Speak sweetly. It makes your words easier to digest when at a later date you have to eat them ;-)  - Source Unknown

Please Read: Code-of-Conduct

Atmel Studio6.2/AS7, DipTrace, Quartus, MPLAB, RSLogix user

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Same goes for widget B, and so on.

There is an app to clear out the memory of the chip assignments. It gets to be an issue on a production line when new units are getting plugged in right & left for testing, cal, etc. All of a sudden you get to com100 or such and troubles may occur somewhere in the chain (such as the app only allowing a comm 1-30 selection).

When in the dark remember-the future looks brighter than ever.   I look forward to being able to predict the future!

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How to clear com ports:

https://blogs.gwu.edu/ecelabs/20...

 

Interesting reference to a certain well known product wink

 

Jim

I would rather attempt something great and fail, than attempt nothing and succeed - Fortune Cookie

 

"The critical shortage here is not stuff, but time." - Johan Ekdahl

 

"Step N is required before you can do step N+1!" - ka7ehk

 

"If you want a career with a known path - become an undertaker. Dead people don't sue!" - Kartman

"Why is there a "Highway to Hell" and only a "Stairway to Heaven"? A prediction of the expected traffic load?"  - Lee "theusch"

 

Speak sweetly. It makes your words easier to digest when at a later date you have to eat them ;-)  - Source Unknown

Please Read: Code-of-Conduct

Atmel Studio6.2/AS7, DipTrace, Quartus, MPLAB, RSLogix user

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N.Winterbottom wrote:

This was an easy find: USB to MIDI Bridge Controller CH345. Can we assume you've already found and dismissed it.

 

 

I've searched more abstract terms laugh

Thanks!

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There is another trick, that was not widely published...you could force windows to not generate a new port in the first place (keep using the same one for different units)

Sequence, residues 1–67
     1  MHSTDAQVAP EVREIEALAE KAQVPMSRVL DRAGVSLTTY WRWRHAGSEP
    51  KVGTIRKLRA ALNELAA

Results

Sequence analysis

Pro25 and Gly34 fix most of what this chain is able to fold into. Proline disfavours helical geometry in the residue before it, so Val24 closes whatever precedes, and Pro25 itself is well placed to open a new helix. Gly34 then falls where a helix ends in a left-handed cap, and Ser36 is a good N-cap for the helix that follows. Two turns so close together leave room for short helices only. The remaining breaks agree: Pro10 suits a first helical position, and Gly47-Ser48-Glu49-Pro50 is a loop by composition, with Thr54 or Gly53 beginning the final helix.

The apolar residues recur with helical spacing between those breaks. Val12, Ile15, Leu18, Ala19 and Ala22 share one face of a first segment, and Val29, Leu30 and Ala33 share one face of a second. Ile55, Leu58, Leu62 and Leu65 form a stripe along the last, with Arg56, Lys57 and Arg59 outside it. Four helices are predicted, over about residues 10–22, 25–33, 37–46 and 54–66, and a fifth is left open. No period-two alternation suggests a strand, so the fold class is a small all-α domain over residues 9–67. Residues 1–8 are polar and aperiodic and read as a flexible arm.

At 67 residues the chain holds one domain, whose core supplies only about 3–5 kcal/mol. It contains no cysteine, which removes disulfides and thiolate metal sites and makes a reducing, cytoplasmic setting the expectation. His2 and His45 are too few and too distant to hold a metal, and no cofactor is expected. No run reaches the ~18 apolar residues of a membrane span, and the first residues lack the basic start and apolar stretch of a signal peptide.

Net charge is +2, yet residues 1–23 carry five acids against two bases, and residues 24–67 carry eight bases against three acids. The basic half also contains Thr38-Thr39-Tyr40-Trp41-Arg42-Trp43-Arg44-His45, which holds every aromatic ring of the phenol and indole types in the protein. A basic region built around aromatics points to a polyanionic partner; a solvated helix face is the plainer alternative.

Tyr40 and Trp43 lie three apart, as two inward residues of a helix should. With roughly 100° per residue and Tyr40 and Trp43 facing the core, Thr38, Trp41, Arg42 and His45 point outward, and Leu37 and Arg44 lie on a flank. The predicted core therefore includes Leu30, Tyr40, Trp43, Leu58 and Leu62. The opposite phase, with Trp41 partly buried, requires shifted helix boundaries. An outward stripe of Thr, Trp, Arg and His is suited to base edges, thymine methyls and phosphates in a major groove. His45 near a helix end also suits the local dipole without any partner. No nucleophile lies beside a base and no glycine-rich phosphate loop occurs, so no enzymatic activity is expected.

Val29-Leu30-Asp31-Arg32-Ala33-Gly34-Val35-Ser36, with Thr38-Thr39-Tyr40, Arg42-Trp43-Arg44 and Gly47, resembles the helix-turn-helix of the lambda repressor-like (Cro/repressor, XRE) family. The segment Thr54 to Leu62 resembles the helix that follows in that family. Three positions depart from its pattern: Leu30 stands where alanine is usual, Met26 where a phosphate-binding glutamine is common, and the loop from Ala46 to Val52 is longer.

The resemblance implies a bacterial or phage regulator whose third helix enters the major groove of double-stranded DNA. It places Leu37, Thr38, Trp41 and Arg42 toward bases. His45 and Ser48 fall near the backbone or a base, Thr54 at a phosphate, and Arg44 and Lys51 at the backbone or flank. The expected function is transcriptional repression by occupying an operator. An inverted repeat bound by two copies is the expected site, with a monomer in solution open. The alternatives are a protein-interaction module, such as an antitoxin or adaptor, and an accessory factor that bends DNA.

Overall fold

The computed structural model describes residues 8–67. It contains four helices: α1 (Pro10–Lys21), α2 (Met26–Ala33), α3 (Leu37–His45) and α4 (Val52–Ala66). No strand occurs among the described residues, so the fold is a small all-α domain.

http://dangerousprototypes.com/b...

 

When in the dark remember-the future looks brighter than ever.   I look forward to being able to predict the future!

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If you are not manufacturing hundreds of these devices, and only need less than five or ten, then I recommend getting pre-made USB-MIDI "purple egg" interfaces from eBay. They are only about $5-10 each and will save you lots of development time and debugging troubles: https://www.ebay.com/itm/3035205...

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Simonetta wrote:
recommend getting pre-made USB-MIDI "purple egg" interfaces from eBay.
I've got one of those (GBP 4):

 

https://github.com/wrightflyer/S...

 

 

Not purple in this case but works nicely nonetheless!

 

BTW you didn't ask for this but, when tinkering with MIDI, I also have and find this very useful:

 

https://www.doremidi.cn/h-pd-2.html

On AliExpress

 

 

As modern MIDI controllers don't actually have MIDI (well they do but usually not 5pin DIN MIDI), they just have MIDI over USB so if you have a device you are working on with a proper 5 pin MIDI interface you cannot connect such a controller directly to it. Or rather you can't until you get one of these. It's effectively a "little PC in a box". It has a USB host port into which you can plug a modern style MIDI controller and it then gives it good old fashioned 5 pin DIN MIDI that it otherwise would not have.

 

Very useful!

Last Edited: Tue. Mar 29, 2022 - 08:31 AM